The Quandry Of Low Expectations
by Shannon Meiers
It often disturbs me how much the world looks down on specific groups of people or expects less of them just because of their age or race.
Take teenagers, for example. I understand that many teenagers are moody, disinterested in their families, and unwilling to work hard, and I apologize on behalf of them. But please, do not judge us all by a few sour examples.
The lower your expectations of us as adolescents are, the lower we will sink to meet them. Your expectations of us will determine what we will become. If you expect us to be mature, intelligent, productive members of society, we will rise to the occasion. If on the other hand, you don’t expect us to be anything more than bums who get along with the lowest possible amount of effort and spend the majority of our time eating, sleeping and texting, well that’s what we will become.
And as for you teenagers, you’re not off the hook either! The reason that our society as a whole has appallingly low expectations of us is not because the majority of adults are irrational beings, rather, it’s because our expectations of ourselves are low.
If you want to be thought of as responsible, then seek out responsibility.
In other words, don’t beg your parents for something if the last ‘important thing’ you needed money for become yesterday’s news two hours later. Something interesting I have found is that; if I want something bad enough, then I will find a way to make it happen, no matter how much it takes. This is how I have come to get a boombox, a portable CD player, my first cell phone, and even the geometry curriculum I now use.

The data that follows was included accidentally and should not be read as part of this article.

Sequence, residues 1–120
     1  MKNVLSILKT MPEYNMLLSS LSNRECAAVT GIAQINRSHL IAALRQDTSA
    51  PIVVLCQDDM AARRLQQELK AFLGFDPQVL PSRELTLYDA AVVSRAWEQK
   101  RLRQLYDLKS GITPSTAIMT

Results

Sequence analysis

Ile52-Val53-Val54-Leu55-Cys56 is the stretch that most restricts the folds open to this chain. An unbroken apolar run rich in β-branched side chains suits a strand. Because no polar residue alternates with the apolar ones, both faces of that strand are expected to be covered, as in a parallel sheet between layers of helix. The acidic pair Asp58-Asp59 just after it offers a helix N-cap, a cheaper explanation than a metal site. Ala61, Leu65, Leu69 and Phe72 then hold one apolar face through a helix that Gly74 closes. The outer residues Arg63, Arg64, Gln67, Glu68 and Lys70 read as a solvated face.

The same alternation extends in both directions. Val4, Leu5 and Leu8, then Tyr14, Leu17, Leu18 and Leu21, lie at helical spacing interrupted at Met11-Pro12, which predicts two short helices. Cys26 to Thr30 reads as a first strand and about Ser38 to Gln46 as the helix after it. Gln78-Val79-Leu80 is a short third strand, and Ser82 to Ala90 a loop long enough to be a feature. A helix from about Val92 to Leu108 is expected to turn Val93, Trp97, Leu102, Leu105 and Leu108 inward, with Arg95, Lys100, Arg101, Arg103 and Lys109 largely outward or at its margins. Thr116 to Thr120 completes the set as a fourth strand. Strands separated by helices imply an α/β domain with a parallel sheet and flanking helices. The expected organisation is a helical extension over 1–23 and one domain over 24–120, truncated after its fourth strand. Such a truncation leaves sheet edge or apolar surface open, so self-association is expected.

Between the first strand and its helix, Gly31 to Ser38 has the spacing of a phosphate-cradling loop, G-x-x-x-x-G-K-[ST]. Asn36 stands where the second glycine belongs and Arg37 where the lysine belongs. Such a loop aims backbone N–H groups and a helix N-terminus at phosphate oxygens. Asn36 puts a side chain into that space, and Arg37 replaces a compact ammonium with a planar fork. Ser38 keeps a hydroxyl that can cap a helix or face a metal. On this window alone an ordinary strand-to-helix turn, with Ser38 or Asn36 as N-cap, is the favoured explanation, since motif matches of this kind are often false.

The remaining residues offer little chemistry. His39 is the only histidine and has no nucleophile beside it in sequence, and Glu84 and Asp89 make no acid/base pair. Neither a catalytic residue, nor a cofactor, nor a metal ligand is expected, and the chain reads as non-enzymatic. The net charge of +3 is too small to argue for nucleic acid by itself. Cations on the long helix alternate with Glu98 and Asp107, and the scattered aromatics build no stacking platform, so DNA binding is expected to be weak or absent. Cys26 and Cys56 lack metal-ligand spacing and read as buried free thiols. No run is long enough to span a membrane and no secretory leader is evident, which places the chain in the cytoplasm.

There is a huge difference between growing with maturity and trying to grow up too fast. The person trying to grow up too fast takes on more than he/she can handle comfortably at one time, whether it be a job, class load or relationship. The person growing in maturity, however, accepts that to obtain more in this life he/she will have to manage wisely the resources that he/she already has at his/her disposal. This might mean working as hard as possible in school to obtain satisfactory grades, or working hard at your chores.
My parents always tell me that my full-time job right now is being a student. And although I understand the eye rolling you are doing right now, I can assure you that it’s true. As teenagers, we have a lot of possible influence, and it’s our job to make sure that the image we portray to the rest of the world reflects us in the best light possible. Not only for our benefit, but so that the world will take us seriously. Because when we stop letting ourselves be profiled by low expectations, just imagine what we could do to change the world!